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Agriculture from the air

Agriculture from the air

Optimizing harvests with drones and 5G

At 5Groningen, there are quite a number of shrewd entrepreneurs with impressive track records and decades of experience. Not Wilco Stollenga. He is 22, studies industrial engineering and management and is the founder of Agrifly. A tiny company that uses drones to bring agriculture to a higher level.

Agrifly conducts a pilot at 5Groningen, the testing ground for the latest generation of mobile internet: 5G. 5Groningen is an initiative of Economic Board Groningen. Here, entrepreneurs and not-for-profit organizations work with experts like VodafoneZiggo to develop use cases with 5G.

Early bird
You might have come across footage like this, on the news or in other media. Farmers using drones to keep an eye on their crops. Four years ago, this concept was scarcely out of the egg. Wilco: "At a time when hardly anyone had laid eyes on any kind of drone, I was there to buy one. Just voor fun. I'd saved up quite some money and decided to aim straight for a reliable model equipped with a high-quality camera. I’d already thought of a way to earn some money with it – making nice aerial photographs of farms in the area and selling them to the farmers in question."

Land in sight
Wilco lives on a farm in Groningen himself. At home he carried out his first experiments. When he looked at the aerial photos on his laptop, something immediately drew his attention. "Even though the crops cultivated on our fields were all the same – and were fertilized and watered in the same way – the pictures showed all kind of differences in the field. Light and dark spots, in other words areas were plants were flourishing or struggling. It quickly dawned on me that I could use this information to help farmers significantly improve their farming."

Big picture
Wilco's business plan was quickly changed round. Since then, his sideline project is booming. His drone is buzzing above the fields according to a fixed flight pattern. Wilco: "To inspect ten hectares, four multispectral cameras take 300 pictures each. Each lens takes responsibility for a different part of the light spectrum. Software amalgamates the 1,200 pictures to generate an overall map that visualizes the photosynthesis of the crops. Based on this I can see if there is any question of soil densification, overplanting or emerging diseases. The disadvantage is that processing all the pictures takes a lot of time. Transferring the files via a hard drive onto my computer already takes hours. I’m talking days before the map is fully finished."

Customer and map
A few years ago, Wilco proactively approached Economic Board Groningen. Could the internet please be made a bit faster in the area, as the sluggish connection was hampering his progress. This initiative was rewarded. With faster internet and a pilot project at 5Groningen. Wilco: "The University of Groningen and VodafoneZiggo are also involved in this pilot. Our goal is to use 5G to transmit my aerial photographs real-time from the drone to a server. With the help of specialized software the entire map should then be generated within five minutes. In this way I can go to the field in question, together with the customer ánd the map, in order to inspect the soil and the crops."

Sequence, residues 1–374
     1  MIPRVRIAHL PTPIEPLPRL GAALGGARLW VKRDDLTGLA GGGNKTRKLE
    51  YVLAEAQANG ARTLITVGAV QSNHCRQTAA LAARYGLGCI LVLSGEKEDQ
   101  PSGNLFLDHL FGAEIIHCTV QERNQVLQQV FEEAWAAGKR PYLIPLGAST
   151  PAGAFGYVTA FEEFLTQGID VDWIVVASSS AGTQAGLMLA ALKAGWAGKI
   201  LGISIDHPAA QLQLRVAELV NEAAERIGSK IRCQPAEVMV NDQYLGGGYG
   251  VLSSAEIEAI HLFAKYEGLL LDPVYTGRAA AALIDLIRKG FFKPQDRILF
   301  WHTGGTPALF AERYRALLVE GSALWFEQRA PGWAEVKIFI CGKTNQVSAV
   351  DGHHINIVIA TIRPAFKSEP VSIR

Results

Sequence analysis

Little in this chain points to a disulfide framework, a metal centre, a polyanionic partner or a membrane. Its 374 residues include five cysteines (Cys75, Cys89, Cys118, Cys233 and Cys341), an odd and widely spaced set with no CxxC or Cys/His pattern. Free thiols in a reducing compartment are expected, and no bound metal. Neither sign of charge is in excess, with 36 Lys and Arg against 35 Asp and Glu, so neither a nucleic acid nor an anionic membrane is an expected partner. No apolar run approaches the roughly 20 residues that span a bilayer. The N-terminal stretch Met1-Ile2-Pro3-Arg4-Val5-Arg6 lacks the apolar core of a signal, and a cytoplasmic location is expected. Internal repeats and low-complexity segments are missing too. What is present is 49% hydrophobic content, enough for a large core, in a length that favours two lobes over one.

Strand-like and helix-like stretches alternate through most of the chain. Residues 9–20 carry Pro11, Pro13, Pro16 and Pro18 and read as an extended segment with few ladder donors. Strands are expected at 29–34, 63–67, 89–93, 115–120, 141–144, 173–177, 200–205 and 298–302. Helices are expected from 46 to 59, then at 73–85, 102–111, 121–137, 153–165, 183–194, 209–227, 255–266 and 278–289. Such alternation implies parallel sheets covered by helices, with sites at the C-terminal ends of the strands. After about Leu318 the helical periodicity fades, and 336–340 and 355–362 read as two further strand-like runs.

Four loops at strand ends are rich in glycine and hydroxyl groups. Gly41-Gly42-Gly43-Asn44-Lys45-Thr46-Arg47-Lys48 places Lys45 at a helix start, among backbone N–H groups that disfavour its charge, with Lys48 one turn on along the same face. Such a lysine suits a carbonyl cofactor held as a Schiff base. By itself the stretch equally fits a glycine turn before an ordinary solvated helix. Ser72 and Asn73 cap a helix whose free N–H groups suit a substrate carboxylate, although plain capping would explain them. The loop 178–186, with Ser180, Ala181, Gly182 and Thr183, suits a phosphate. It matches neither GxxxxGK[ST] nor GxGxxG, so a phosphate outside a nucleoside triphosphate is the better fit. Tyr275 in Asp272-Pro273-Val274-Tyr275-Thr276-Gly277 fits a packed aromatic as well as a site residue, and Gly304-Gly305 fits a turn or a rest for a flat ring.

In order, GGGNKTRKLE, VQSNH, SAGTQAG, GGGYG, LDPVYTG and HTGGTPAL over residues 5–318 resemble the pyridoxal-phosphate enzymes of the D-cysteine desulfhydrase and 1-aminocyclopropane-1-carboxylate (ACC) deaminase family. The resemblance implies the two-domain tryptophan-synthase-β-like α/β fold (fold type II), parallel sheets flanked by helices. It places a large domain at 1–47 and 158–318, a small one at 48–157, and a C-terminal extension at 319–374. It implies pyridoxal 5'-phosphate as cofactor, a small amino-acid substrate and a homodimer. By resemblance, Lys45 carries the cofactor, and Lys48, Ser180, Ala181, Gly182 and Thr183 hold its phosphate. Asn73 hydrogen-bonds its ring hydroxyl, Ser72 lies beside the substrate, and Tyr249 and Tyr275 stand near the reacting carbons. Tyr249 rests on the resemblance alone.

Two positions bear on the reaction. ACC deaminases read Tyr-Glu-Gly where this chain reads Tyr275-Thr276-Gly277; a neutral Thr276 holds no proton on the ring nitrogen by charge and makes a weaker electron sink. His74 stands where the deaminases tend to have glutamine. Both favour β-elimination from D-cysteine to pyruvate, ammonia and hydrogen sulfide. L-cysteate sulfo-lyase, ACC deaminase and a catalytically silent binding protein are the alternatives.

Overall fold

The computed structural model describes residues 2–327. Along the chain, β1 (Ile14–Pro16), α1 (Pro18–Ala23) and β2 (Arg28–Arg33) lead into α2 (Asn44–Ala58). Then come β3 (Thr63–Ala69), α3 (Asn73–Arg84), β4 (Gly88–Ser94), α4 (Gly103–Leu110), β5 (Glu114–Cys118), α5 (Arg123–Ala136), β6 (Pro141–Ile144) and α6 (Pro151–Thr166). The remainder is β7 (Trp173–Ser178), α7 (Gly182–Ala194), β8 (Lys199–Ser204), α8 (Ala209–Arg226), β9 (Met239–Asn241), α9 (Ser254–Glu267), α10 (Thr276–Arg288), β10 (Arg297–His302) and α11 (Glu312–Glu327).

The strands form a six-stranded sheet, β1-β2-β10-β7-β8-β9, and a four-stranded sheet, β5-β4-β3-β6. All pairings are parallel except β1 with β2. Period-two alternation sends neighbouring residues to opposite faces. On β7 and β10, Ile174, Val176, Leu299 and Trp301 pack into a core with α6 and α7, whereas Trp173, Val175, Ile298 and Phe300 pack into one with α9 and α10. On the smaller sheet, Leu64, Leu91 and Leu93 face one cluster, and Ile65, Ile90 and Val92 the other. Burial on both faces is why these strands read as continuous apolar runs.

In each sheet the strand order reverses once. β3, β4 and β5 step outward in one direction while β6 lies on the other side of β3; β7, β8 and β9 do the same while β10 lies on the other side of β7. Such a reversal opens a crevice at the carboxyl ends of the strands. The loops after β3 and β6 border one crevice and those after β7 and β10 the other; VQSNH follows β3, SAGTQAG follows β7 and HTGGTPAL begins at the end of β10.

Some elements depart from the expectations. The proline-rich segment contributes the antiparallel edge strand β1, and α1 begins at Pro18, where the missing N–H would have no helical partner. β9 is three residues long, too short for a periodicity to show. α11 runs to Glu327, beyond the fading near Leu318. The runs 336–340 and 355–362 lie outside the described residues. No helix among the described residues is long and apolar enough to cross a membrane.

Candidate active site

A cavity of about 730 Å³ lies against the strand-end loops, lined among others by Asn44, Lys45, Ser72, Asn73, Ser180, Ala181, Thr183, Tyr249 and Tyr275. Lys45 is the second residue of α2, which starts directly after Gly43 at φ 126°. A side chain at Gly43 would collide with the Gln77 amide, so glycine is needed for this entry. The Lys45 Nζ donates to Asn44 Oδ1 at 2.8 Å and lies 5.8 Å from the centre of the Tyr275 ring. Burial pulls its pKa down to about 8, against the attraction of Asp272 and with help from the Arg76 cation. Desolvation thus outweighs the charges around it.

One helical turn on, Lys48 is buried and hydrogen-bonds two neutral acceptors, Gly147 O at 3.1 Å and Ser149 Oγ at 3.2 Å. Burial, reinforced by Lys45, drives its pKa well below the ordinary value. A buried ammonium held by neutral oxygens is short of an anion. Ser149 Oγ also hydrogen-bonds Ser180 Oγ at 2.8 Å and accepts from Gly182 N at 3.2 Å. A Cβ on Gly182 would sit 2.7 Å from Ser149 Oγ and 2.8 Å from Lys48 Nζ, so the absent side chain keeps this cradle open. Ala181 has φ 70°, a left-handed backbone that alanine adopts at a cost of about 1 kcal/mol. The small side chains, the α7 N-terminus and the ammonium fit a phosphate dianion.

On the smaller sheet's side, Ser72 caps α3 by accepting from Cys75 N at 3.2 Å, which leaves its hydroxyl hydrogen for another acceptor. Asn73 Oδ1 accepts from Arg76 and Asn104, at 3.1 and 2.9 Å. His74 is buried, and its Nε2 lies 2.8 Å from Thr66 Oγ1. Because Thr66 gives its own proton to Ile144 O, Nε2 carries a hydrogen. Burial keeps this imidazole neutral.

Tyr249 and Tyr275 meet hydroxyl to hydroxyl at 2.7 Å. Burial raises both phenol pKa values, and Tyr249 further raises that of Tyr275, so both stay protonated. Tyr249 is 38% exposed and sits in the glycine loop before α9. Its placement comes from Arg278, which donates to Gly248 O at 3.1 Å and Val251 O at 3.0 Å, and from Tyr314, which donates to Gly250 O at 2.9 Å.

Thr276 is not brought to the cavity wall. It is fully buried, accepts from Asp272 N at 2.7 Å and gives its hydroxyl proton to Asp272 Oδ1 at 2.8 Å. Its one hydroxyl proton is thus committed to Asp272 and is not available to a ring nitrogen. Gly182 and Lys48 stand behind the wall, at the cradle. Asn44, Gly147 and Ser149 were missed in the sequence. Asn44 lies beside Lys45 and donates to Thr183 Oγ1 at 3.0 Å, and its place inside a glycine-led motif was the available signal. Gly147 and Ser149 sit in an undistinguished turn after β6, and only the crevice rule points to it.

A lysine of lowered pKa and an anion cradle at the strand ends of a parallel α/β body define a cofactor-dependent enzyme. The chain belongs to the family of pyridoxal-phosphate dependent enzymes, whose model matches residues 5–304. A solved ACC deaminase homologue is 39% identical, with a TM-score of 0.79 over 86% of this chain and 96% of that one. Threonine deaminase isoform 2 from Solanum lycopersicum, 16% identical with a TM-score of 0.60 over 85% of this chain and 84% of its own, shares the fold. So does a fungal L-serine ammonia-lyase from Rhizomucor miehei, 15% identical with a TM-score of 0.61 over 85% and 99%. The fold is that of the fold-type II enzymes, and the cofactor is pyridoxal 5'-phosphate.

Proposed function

Pilot and practice
The pilot progresses steadily. "In a test environment we already managed to transmit the data to the server over 5G. We’re also well on our way to generate a large map within minutes based on that data." The next step will be to realize this in practice. "After the next upgrade of the VodafoneZiggo radio masts I expect everything to function. And if the software improves a bit, we can overlay maps from different measuring moments and compare them to each other. Then it becomes really exciting what you can learn from the data. For example, the yield of consecutive generations of crops, or what happens when a farmer switches to another crop."

Assuming larger proportions
So, after this pilot nothing stands in Agrifly's way anymore? "It's not that simple", says Wilco. "This technology has enormous potential, agriculture at micro level – plant by plant – is undoubtedly the future. But in order to leverage the benefits, the entire chain has to change too, from customized fertilization plans and cultivation advice, to adaptive machines that can work selectively. That will still take some time. No worries, in the meantime I see lots of other opportunities for my drones. Monitoring industrial areas, power lines, solar parks and so on. The sky is the limit."

Pre-5G
On behalf of VodafoneZiggo, Jarmo Wilkens is involved in this pilot. His view on the project: "It's a great use case that really puts us to the test. How do we get the best out of our network, in speed as well? Just to be perfectly clear, we call it a 5G pilot, but due to our 4G radio masts it is in fact a precursor, pre-5G so to speak. As soon as the real 5G network is in place, providing coverage and fast connections to Wilco's drones will be a piece of cake. But precisely by asking nigh on the impossible right now, we are making the progress we all dream of."